This morning, I had the fun pleasure of visiting WCHL, our local station, to talk about Carrboro Yoga with legendary broadcaster Ron Stutts. (Ron looks just like he sounds, I think!) You can listen here to hear about Carrboro Yoga’s offerings and what we hope each student feels when they leave. Our discussion starts at the one-minute mark.
Each Wednesday in February, from 6 to 7 p.m., I’m leading Yoga Nidra, a form of guided relaxation, at Carrboro Yoga. If you like savasana, the relaxation period at the end of yoga class, you’ll love this practice! All you need to do is show up and lie down.
This is a chance for you to explore the other edge—the edge of consciousness. Type As, athletes, and go-getters are all familiar with the edge of control, where you are working to your upper limit and barely hanging on. Yoga nidra gives you a chance to be at the other end of your range. Spending time there will help you feel rested, recharged, and ready for whatever you like to spend your effort on.
Let’s be real—we all need more rest. This hourlong restorative yoga practice with Sage Rountree delivers just that with three deeply relaxing poses. You’ll begin in a supine position, utilizing a chair to elevate your legs and release tension in the psoas and lower back. From there you’ll move into a gentle twist, finishing with a cozy, supported savasana. This practice is the antidote for frazzled nerves, a tweaked back, or insomnia.
3 to 4 blankets, chair, bolster (or large pillow/cushion), 2 yoga blocks (or several thick books), sandbag (or bag of rice), eye pillow
If your 2020 needs more yoga in it already, it’s not too late to join me for one or both of these workshops I’m leading at the Kripalu Center for Yoga and Health in western Massachusetts later this month:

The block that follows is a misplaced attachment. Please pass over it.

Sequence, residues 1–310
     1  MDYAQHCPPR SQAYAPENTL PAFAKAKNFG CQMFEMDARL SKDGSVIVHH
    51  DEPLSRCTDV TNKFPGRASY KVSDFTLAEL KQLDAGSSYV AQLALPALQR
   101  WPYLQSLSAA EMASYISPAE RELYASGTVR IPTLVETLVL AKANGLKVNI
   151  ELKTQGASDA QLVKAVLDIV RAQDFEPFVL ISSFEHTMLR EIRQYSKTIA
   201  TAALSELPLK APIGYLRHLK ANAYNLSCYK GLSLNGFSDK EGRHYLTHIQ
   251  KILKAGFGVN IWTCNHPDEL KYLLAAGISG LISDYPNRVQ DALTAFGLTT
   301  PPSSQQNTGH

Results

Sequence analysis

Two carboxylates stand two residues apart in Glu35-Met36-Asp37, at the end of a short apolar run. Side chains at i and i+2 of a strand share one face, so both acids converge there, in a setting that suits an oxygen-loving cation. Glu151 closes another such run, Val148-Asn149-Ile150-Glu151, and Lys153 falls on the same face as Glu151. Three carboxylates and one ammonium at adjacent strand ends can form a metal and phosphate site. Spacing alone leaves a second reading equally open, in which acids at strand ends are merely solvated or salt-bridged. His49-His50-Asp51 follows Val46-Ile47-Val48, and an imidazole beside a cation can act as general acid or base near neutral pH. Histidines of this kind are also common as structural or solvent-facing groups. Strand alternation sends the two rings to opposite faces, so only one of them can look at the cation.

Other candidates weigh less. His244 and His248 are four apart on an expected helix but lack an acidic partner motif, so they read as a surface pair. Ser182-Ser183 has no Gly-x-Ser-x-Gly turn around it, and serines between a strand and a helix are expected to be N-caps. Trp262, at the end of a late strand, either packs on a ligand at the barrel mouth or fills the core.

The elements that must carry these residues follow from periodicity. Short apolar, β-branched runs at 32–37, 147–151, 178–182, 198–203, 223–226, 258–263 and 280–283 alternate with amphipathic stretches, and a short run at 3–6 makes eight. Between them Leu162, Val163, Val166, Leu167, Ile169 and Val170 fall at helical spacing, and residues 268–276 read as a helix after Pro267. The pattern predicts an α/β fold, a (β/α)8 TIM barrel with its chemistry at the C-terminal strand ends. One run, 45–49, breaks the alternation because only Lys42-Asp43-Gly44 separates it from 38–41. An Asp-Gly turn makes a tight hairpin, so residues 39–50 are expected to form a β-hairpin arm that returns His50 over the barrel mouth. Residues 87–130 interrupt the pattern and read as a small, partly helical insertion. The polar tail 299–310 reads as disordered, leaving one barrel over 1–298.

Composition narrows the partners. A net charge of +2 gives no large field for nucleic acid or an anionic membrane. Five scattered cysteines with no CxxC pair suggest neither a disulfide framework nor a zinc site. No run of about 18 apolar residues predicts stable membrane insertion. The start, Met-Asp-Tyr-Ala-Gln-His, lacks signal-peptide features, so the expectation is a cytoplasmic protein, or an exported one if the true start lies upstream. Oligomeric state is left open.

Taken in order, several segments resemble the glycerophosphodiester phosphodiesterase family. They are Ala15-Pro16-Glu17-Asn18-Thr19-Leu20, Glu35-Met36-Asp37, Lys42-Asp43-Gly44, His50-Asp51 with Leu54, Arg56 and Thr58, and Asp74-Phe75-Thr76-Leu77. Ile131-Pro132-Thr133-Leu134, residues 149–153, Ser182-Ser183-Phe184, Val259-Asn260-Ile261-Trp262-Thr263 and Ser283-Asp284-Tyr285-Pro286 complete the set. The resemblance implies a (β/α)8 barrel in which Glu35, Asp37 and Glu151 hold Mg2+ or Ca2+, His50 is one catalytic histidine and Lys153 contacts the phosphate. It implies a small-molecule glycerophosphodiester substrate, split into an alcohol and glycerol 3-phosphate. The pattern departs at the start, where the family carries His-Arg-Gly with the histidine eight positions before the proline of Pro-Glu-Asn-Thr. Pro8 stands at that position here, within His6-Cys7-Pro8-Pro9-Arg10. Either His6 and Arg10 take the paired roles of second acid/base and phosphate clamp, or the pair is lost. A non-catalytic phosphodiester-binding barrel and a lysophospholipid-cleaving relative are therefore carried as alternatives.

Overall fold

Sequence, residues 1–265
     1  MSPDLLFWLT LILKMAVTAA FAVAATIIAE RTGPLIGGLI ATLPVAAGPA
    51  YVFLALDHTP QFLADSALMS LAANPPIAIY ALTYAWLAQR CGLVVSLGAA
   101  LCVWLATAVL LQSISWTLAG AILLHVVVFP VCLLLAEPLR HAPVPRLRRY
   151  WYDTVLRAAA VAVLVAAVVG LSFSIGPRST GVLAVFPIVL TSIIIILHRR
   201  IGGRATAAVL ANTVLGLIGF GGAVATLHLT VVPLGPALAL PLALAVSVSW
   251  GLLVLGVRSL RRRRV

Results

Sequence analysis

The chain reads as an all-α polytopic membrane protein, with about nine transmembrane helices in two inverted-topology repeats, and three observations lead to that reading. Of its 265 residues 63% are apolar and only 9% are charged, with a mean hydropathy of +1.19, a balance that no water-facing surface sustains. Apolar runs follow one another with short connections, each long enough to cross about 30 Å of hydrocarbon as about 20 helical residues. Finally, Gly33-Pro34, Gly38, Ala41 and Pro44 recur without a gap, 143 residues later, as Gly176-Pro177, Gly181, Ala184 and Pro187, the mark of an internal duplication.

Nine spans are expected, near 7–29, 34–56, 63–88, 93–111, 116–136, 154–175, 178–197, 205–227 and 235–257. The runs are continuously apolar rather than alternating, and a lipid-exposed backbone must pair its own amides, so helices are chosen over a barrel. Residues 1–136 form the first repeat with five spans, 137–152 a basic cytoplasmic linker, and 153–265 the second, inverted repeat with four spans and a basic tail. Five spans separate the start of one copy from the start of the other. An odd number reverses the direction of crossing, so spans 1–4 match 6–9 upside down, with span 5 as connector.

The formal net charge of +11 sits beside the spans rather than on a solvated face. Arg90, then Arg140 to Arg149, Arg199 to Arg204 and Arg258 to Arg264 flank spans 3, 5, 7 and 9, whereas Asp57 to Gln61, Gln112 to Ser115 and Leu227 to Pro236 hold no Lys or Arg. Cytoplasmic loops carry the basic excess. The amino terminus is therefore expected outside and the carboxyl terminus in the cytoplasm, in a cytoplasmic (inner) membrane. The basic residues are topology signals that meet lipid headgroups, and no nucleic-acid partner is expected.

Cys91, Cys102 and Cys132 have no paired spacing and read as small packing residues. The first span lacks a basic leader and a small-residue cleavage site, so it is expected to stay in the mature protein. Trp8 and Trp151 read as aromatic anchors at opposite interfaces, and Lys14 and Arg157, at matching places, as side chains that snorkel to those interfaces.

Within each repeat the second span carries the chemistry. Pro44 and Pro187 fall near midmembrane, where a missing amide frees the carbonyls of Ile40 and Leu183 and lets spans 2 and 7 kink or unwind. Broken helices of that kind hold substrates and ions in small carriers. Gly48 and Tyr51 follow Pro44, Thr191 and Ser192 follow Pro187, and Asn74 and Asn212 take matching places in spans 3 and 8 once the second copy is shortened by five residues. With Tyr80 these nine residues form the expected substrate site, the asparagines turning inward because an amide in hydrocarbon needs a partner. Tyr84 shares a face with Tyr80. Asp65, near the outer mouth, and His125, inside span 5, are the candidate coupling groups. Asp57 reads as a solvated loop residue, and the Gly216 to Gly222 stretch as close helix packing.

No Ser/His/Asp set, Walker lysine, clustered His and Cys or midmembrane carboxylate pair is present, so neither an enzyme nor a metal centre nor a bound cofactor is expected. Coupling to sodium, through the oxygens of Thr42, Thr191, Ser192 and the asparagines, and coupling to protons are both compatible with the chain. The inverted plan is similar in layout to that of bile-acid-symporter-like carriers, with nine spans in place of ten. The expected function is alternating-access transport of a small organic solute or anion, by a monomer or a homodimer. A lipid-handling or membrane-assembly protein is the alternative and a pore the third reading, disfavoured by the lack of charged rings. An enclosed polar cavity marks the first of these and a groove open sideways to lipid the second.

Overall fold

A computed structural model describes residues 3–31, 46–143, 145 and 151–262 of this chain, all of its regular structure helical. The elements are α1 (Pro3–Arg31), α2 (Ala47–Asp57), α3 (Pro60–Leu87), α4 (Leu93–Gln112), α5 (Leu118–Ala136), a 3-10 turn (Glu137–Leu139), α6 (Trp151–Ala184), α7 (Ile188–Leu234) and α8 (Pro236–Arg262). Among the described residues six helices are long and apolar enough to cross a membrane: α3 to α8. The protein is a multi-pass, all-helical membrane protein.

Yoga for Athletes: Strength, Flexibility, and Focus—the eleventh year I’ve offered this program in January. People repeat the program regularly, so if you’ve done it before, please join us again Friday–Sunday, January 24–26. We have some sweet alumni returning this year!
Teaching Yoga to Athletes, Sunday–Friday, January 26–31. You’ll get a discount if you sign up for both! If you are a teacher who can make only the weekend, I’m happy to chat with you about ways to reverse engineer what you learn in the weekend so you can help your athletic students better.
The assistant for both is Amanda Frayeh, whose expertise in both kinesiology and sport psychology, along with her warm sense of humor, will elevate the programs substantially! Read more about Amanda here.
If you’re just getting around to buying gifts or haven’t found the perfect thing yet, don’t panic! How about a gift card for your recipient’s locally owned yoga studio or spa? If you’re in central North Carolina, we offer gift cards in any amount for Carolina Yoga Company and for Hillsborough Spa and Day Retreat.
Or give a membership to YogaVibes, where your friend can stream hundreds of online classes, including dozens of classes with me. The code sagevibes will save you $50 on an annual subscription.
Or give an experience, like a weekend or a full week at the beautiful Kripalu Center for Yoga and Health in western Massachusetts. I’ll be offering these workshops there in January:
Finally, here’s an unrelated, unpaid endorsement. After reading the illuminating book Real Food, Fake Food by Larry Olmstead (a nice gift in itself, published by Chapel Hill–based Algonquin books and only $1.99 on the Kindle!), I joined the Fresh Pressed Olive Oil Club, based in Asheville, NC. They send three excellent fresh oils each quarter, and these oils really elevate whatever you put them on. They would be a great gift for a friend or for yourself!